Friday, March 23, 2012

Review | "4:44 Last Day on Earth"

The end is near.

That much is clear right from the beginning of Abel Ferrara's new film, 4:44 Last Day on Earth. The powers that be have not heeded the warnings of scientists, whose predictions of certain doom if the effects of global warming are not reversed have now come true. At 4:44 AM, give or take a few seconds, the world will end.

Some panic and take to the streets. Other gather at the Vatican to spend their last moments in prayer. Others commit suicide, unable to take the tension and uncertainty of Earth's final hours. The citizens of New York, however, soldier on. There is the occasional suicide, but as in the wake of 9/11, New Yorkers band together to face the end, spending their last moments with family and friends, saying goodbye to life as they know it.

In the case of Cisco (Willem Dafoe) and Skye (Shanyn Leigh), they have chosen to face death just as they have lived their life - together in their apartment, continuing life as usual.

Willem Dafoe as Cisco and Shanyn Leigh as Skye embrace on the floor in Abel Ferrara’s 4:44 LAST DAY ON EARTH. Copyright: So Suave LLC, an IFC Films release.
Skye paints and listens to Buddhist philosophy. Cisco talks to friends and relatives on Skype and orders Chinese food, often musing to himself about the almost absurd predicament in which the world finds itself. They do their best to continue on as before, even in the face of death. Ferrara keeps the action focused on this one apartment, living out the end of the world through the final hours of one couple. Anything we see of the outside world, the riots, the vigils, are seen through the television. It is a self-contained apocalypse, the exact opposite of the lavish, CG visions of Armageddon of Roland Emmerich and Michael Bay. It's a strong concept, an intimate take on a global disaster. Ferrara attempts to make the universal personal, but he only half succeeds.

It is never revealed how anyone knows that the world will end at 4:44, nor how scientists were able to pinpoint such a specific time. But the details aren't as important as the relationship between the two main characters, which remains woefully underdeveloped. Skye has two modes; crazy and crazier, occasionally taking a break from painting to have a breakdown before returning to her work. Cisco wanders around talking to himself like a schizophrenic, mumbling random thoughts and philosophies that are frequently indecipherable. For a film that asks us to spend an hour and a half with these two characters alone in an apartment for the end of the world, it keeps us frustratingly at arm's length.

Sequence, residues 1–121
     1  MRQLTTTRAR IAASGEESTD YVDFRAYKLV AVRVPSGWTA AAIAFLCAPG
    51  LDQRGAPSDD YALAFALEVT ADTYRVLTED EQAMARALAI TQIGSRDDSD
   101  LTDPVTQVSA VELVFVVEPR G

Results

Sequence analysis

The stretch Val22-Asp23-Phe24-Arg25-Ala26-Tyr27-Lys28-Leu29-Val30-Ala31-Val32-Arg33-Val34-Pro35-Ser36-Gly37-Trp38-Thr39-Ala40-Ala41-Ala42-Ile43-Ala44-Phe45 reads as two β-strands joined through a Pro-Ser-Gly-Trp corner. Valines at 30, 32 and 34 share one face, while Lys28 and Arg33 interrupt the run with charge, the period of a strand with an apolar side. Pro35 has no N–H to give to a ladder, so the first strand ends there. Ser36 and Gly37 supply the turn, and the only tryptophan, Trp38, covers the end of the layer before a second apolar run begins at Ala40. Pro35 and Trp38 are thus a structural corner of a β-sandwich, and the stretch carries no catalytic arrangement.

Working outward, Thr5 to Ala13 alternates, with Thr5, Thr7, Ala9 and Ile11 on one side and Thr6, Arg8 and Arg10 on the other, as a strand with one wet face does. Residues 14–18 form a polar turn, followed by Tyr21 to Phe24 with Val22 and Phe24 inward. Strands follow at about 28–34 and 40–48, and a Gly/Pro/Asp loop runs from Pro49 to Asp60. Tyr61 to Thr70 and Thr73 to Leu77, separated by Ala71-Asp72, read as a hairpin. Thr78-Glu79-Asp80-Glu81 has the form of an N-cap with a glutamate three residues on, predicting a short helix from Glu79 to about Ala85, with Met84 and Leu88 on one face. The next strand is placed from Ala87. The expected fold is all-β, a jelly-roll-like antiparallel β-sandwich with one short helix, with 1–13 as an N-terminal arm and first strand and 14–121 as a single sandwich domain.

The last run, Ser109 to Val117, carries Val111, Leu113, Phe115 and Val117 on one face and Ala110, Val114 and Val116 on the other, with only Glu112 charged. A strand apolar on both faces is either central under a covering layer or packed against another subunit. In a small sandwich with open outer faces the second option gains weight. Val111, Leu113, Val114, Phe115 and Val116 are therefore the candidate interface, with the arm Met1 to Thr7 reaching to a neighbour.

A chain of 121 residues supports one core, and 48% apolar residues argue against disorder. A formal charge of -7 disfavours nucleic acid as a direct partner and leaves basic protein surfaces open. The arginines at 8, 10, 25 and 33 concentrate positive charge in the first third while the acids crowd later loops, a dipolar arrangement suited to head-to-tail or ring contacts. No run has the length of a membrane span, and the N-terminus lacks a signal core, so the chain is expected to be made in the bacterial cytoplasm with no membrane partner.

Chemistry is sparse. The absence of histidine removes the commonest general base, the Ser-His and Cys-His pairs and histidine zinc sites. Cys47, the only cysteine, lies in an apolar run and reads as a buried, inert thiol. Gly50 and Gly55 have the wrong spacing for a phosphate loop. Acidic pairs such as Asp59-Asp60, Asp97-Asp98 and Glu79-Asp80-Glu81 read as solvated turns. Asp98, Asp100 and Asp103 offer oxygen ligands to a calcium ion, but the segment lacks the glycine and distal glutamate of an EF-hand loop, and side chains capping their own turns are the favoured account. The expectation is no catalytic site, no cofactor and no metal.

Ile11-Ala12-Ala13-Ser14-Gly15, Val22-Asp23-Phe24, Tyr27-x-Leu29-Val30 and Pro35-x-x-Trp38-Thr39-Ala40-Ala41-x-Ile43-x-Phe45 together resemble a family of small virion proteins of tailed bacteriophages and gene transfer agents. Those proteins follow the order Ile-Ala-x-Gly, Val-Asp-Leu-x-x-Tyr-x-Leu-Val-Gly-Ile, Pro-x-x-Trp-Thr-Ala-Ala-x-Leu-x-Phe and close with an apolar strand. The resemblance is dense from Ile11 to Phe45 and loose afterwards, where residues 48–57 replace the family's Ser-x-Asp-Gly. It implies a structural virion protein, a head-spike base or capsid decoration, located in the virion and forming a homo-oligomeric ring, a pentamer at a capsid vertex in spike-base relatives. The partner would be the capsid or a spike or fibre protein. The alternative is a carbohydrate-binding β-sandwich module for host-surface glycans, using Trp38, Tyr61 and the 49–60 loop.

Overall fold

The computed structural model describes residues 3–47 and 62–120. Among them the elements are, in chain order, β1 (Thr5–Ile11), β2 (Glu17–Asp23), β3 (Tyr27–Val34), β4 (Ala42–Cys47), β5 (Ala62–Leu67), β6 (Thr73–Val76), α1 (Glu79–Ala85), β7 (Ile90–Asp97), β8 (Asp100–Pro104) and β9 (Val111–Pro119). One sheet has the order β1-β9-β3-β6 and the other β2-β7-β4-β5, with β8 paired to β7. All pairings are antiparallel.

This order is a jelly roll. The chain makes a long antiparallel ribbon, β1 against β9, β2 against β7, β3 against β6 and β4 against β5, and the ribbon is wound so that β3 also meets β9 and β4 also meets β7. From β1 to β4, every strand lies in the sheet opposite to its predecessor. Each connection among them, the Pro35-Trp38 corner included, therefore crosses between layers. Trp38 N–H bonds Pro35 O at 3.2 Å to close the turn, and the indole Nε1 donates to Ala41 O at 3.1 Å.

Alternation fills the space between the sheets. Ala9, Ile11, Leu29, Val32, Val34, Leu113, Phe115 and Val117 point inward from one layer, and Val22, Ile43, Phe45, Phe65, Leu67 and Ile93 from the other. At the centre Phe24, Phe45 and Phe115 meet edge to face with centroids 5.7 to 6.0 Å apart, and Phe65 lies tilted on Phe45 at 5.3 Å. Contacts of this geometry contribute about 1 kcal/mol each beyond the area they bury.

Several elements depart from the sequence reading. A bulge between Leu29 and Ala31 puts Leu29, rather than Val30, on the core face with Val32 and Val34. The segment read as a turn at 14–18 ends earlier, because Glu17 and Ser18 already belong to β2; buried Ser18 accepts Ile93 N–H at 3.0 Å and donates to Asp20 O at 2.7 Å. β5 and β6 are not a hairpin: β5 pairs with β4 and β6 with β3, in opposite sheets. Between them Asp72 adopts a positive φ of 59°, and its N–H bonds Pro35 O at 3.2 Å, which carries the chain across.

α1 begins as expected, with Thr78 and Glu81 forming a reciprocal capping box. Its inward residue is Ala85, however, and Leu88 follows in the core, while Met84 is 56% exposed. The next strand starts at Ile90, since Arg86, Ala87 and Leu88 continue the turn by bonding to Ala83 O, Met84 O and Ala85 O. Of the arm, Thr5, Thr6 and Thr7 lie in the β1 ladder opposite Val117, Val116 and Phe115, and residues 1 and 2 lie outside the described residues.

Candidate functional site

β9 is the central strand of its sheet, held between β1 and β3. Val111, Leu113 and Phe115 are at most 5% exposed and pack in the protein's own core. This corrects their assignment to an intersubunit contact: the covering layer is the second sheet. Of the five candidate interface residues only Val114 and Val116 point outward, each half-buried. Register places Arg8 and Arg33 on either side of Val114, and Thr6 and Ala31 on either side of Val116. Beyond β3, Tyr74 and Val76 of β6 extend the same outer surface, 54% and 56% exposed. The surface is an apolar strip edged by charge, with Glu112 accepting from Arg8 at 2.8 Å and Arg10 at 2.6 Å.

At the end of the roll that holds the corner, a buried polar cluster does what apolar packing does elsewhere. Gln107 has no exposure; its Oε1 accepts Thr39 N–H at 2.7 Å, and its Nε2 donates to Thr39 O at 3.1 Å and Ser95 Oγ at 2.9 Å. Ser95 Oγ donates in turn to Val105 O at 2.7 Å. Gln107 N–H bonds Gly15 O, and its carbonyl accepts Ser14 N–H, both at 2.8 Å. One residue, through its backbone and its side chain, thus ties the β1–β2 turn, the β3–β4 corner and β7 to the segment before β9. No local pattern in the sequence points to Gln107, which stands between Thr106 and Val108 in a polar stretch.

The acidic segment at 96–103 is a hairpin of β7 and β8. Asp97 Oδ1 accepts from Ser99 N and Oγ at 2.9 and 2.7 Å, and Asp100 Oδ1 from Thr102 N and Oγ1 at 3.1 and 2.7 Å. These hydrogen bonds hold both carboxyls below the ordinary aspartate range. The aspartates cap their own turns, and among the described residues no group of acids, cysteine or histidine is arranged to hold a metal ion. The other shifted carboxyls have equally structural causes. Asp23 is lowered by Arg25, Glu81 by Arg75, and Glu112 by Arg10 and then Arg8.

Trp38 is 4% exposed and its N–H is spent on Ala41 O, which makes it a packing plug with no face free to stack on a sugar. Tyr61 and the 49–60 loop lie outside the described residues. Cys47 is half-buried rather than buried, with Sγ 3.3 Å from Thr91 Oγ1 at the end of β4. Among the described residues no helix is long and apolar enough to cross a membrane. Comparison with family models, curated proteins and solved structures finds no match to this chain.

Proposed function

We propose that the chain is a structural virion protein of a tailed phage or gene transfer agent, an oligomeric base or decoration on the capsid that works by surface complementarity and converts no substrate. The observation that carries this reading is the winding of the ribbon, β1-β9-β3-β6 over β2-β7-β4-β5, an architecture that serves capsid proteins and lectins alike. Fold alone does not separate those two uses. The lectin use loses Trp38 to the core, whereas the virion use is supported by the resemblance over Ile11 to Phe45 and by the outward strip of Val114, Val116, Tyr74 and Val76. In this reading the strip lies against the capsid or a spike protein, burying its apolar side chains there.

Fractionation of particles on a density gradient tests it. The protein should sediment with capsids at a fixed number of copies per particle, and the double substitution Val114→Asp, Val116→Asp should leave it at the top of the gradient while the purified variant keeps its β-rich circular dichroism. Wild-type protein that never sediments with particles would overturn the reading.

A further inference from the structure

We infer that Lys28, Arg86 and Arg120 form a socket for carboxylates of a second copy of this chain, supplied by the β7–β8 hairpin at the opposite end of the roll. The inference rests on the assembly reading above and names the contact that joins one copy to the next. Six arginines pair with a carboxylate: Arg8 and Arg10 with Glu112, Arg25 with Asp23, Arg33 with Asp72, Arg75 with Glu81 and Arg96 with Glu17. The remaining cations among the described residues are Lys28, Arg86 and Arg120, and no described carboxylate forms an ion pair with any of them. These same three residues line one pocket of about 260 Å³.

Willem Dafoe as Cisco and Shanyn Leigh as Skye on the roof in Abel Ferrara’s 4:44 LAST DAY ON EARTH.
Copyright: So Suave LLC, an IFC Films release.
4:44 actually succeeds in creating a palpable atmosphere of impending doom near the beginning. The juxtaposition of news commentary and scenes of global panic offer glimpses into the world outside the apartment walls, but the film loses that quality about midway through and replaces it with a meandering sense of ennui. While it was clearly Ferrrara's intention, it doesn't exactly make for riveting viewing. It feels like a film without an identity, an interesting concept that never got out of development. There is certainly potential there for a powerful character study, wherein facing mortality forces the characters to face their true selves. But the script lacks tension, and honestly Dafoe and Leigh lack chemistry, even in their awkwardly prolonged sex scene at the beginning.

It's a shame because the film is rife with promise. It's build around a solid, relevant idea that plays off audience expectations and our national fascination with the end of times. Unfortunately it just doesn't add up to a satisfying whole. It remains frustratingly inert, every bit as trapped in its own lack of directions as its characters are within their four walls. It's attempts at philosophizing fall flat, and are more muddled and opaque that profound and revelatory. There is a lot of territory to be covered in the end of the world, lots of emotional layers to be explored and and examined. 4:44 doesn't do that. It coasts along on an undercooked idea that never gets off the ground. It's hard to imagine the real end of the world being this dull.

GRADE - ★★ (out of four)

4:44 LAST DAY ON EARTH | Directed by Abel Ferrara | Stars Willam Dafoe, Shanyn Leigh, Natasha Lyonne | Not rated | Opens today, 3/23, in New York and Los Angeles.

1 comment:

Anonymous said...

what a bunch of hogwash. the only thing this is an attempt to give some semblance of credance to gore, who probably paid for this.